Here’s a clip of Eric playing last year in Cadwaladers Ice Cream Cafe in Trentham, South Staffordshire.

As well as playing a beautiful clarinet, Eric is a seasoned marathon runner, having run the daunting 42 km distance at least 30 times, most of these playing his clarinet. The tune? WHEN THE SAINTS GO MARCHING IN of course; and his Personal Best is expressed in terms of the number of times he repeats the tune during the run!

Come and hear the music, enjoy a leisurely lunch. We’ll see you there.
Phone: 9246 1200 for bookings.

John McCarthy: Farewell

Geoff Bull and John McCarthy

Geoff Bull and John McCarthy (photo by Ron Jobe)

Multi-instrumentalist John McCarthy (nicknamed ‘Darky’) died at his home in Sydney on Thursday 6 October  at the age of 81. So ends a musical career which spanned more than six decades, involved a wide range of styles, and evoked the admiration of fellow musicians and fans alike.

John was born in Sydney on 6 January 1930, and except for a brief stay in Melbourne in 1950 with Frank Johnson’s Fabulous Dixielanders, spent his musical career based in his home city. He began playing clarinet at the age of 15 in 1945, and during his musical life also mastered the soprano sax, alto sax, tenor sax, baritone sax and flugelhorn.

He joined The Riverside Jazz Band in 1947 and later the Port Jackson Jazz Band, both of which were established by trombonist Jack Parkes to promote traditional jazz styles in postwar Sydney.  From 1958 he was also a member of the Ray Price Quartet.  Here’s a clip of John playing with the Ray Price Quartet (in this case Quintet) playing Sidney Bechet’s beautiful tune A Moi de Payer (The Payoff).


The musicians on the recording are Ray Price on guitar and banjo; Johnny McCarthy, clarinet; Joe Costelloe, trombone; Dick Hughes, piano; and Wally Wickham on string bass. This recording reached No. 6 on the local Hit Parade, and was also popular overseas.

He left both bands in 1962 and joined Dick Hughes’ Quartet; in the mid-sixties joined the Graeme Bell Band, and in the seventies, the Bob Barnard Band.

John McCarthy with Bell Band

Welcome home to the Graeme Bell Band
Hyde Park, Sydney 1948


The front line marchers are Ken Olsen (holding banner), John McCarthy, Frank (Sydney) Johnson, Jack Parkes, Roger Bell, Ade Monsbourgh, Don “Pixie” Roberts and Graeme Bell. (from Australian Jazzman by Graeme Bell.)

He worked extensively on a freelance basis: think of almost any Sydney band of standing and John McCarthy will have played with them.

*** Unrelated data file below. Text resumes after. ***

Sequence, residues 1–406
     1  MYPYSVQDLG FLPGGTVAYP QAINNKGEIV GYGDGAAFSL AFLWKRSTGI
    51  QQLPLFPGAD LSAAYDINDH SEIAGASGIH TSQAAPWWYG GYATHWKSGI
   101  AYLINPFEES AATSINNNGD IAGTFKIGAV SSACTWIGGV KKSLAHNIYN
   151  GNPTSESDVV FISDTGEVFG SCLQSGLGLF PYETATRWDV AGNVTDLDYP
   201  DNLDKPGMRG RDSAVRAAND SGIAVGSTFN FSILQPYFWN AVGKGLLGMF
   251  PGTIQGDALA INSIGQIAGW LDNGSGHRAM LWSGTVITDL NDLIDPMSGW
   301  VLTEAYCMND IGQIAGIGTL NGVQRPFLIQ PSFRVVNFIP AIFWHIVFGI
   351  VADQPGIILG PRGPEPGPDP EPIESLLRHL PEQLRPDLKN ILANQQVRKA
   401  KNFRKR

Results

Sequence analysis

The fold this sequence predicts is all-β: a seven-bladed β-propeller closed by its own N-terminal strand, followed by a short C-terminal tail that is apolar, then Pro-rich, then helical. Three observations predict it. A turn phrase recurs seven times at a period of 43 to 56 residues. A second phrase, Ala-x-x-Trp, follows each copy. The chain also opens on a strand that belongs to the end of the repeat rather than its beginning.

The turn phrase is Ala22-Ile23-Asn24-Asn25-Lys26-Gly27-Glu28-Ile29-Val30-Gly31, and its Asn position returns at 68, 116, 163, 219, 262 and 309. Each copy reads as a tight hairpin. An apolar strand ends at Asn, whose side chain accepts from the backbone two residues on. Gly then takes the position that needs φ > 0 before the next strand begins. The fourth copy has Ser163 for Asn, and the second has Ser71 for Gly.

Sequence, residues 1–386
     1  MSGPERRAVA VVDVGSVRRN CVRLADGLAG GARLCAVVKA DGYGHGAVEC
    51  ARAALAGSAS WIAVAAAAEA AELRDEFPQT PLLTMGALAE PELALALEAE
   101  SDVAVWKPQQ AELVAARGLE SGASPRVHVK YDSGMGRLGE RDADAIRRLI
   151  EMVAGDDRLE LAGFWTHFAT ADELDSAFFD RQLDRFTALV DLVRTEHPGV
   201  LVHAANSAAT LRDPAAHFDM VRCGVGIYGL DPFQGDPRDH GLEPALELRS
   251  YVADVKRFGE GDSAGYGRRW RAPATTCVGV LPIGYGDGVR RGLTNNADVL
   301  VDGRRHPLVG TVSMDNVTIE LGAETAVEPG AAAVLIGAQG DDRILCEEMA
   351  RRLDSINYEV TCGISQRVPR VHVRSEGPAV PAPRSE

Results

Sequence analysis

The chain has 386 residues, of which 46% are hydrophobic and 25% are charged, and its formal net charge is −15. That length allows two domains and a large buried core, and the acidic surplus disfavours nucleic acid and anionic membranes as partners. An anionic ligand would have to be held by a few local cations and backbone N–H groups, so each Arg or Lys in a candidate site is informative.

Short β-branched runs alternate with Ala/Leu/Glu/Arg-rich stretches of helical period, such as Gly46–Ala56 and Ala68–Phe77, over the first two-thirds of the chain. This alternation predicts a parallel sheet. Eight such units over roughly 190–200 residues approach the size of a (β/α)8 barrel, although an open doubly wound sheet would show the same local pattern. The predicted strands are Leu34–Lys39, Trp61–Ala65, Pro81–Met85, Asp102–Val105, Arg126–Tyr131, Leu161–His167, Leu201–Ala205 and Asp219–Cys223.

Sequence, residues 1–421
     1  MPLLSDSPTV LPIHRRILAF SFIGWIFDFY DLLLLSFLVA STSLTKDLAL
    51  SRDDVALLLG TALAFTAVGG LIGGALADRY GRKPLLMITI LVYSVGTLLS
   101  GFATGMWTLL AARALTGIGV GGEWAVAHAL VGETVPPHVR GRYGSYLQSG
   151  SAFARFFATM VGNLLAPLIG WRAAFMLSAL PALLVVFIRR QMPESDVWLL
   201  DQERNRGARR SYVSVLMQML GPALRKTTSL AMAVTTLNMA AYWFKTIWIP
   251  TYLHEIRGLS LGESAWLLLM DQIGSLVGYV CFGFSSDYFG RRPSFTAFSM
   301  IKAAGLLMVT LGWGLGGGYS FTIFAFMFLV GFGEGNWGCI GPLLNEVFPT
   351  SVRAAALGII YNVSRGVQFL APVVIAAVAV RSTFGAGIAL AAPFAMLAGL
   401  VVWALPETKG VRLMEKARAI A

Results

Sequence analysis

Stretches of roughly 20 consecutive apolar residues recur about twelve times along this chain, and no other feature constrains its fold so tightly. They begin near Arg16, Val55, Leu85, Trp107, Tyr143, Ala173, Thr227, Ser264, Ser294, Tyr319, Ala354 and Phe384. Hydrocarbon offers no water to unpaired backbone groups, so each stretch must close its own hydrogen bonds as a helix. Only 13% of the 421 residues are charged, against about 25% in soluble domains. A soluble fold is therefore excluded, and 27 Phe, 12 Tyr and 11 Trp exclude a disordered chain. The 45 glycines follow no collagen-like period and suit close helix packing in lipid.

One musician with whom he worked extensively was John Sangster. Click on the album cover (left) to hear Vale Theoden from John Sangster’s musical interpretation of Lord of the Rings. Originally recorded in 1974 by EMI it was reissued by Wave Records in 2002. (You’ll remember of course that King Theoden was a major character in Tolkien’s epic who died leading his people, the Rohirrim, against the Nazgul.) John McCarthy’s  “spare but intense clarinet is heard to great effect in this track.” (Bruce Johnson’s Oxford Companion to Australian Jazz).

Any true Bohemian or discerning follower of live music in Sydney from 1976 onward would have encountered The Roger Janes Band. As regular musicians at Balmain’s Unity Hall Hotel they were a fixture at one of the world’s longest running jazz residencies. The  CD – Crazy -captures vividly what was possibly their greatest line-up, each player a capable bandleader and gifted soloist in his own right.  Roger Janes-Trombone & Vocal; Tom Baker – Trumpet; Marty Mooney – Saxophone; John McCarthy – Clarinet; Gary Walford – Piano; Lynn Wallis – Drums; Ian Date – Guitar; Don Heap – Bass.   Click on the CD cover to hear a clip from Swinging the Blues.

In the late 1980s John played with Dave Dallwitz’s Sydney Big Band. Greg Englert recorded the following fabulous video of the Dallwitz Band playing on Bondi Beach in 1986. Greg is the lead trumpet in the middle between John Roberts and Cliff Reese. John McCarthy is on 1st tenor sax along with Trevor Rippingale, Paul Furniss and Tich Bray on clarinet.

A wake will be held for John McCarthy on Monday 17 October. Tony Buckley, Bob Barnard and many other musos who knew John and shared making music with him will be there to pay tribute to a fine musician and a lovely man.

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The Goodman Touch: Alex Hutchinson on clarinet

Alex Hutchinson - The Goodman TouchDRIVING to an appointment some weeks ago I was listening again to Alex Hutchinson’s truly beautiful  CD -THE GOODMAN TOUCH.
Alex has been playing clarinet (and saxophone) for about 50 years, and his mastery of the instrument is outstanding – elegant and fluent, even “slick” which Alex takes as a compliment!
The first track on this disk is that old Australian folk song “The Road to Gundagai”, composed (and sung many times) by Jack O’Hagan. It is not what you would call a jazz tune by any means, but Alex plays it beautifully in this idiom.
Last Sunday we were lunching with Alex at the Amora Riverwalk Hotel in Bridge Road, Richmond where Smithy’s Jazz Trio performs, and Alex stood in with the regular band for an improvised version of this tune.

With Alex are Peter Uppman on trumpet, Brian Davies on guitar and Mark Elton on bass.
Now listen to the recorded version. I love them both!

To find out more about Alex you can visit his website www.jazzlegend.com, or most days you can find him on the Facebook page, CLARINET JAZZ POINT.
His other CDs include “The Tassie Connection” and “Clarinet Love Affair”. Look out for a new one about to be released which was recorded with clarinet virtuoso Andy Firth a few months ago.
I believe most of Alex’s recordings are available on iTunes, but if you’re like me and prefer a CD in your hand (if only for the cover notes), contact Alex at his website and I’m sure he’ll let you have one if you smile and offer him money!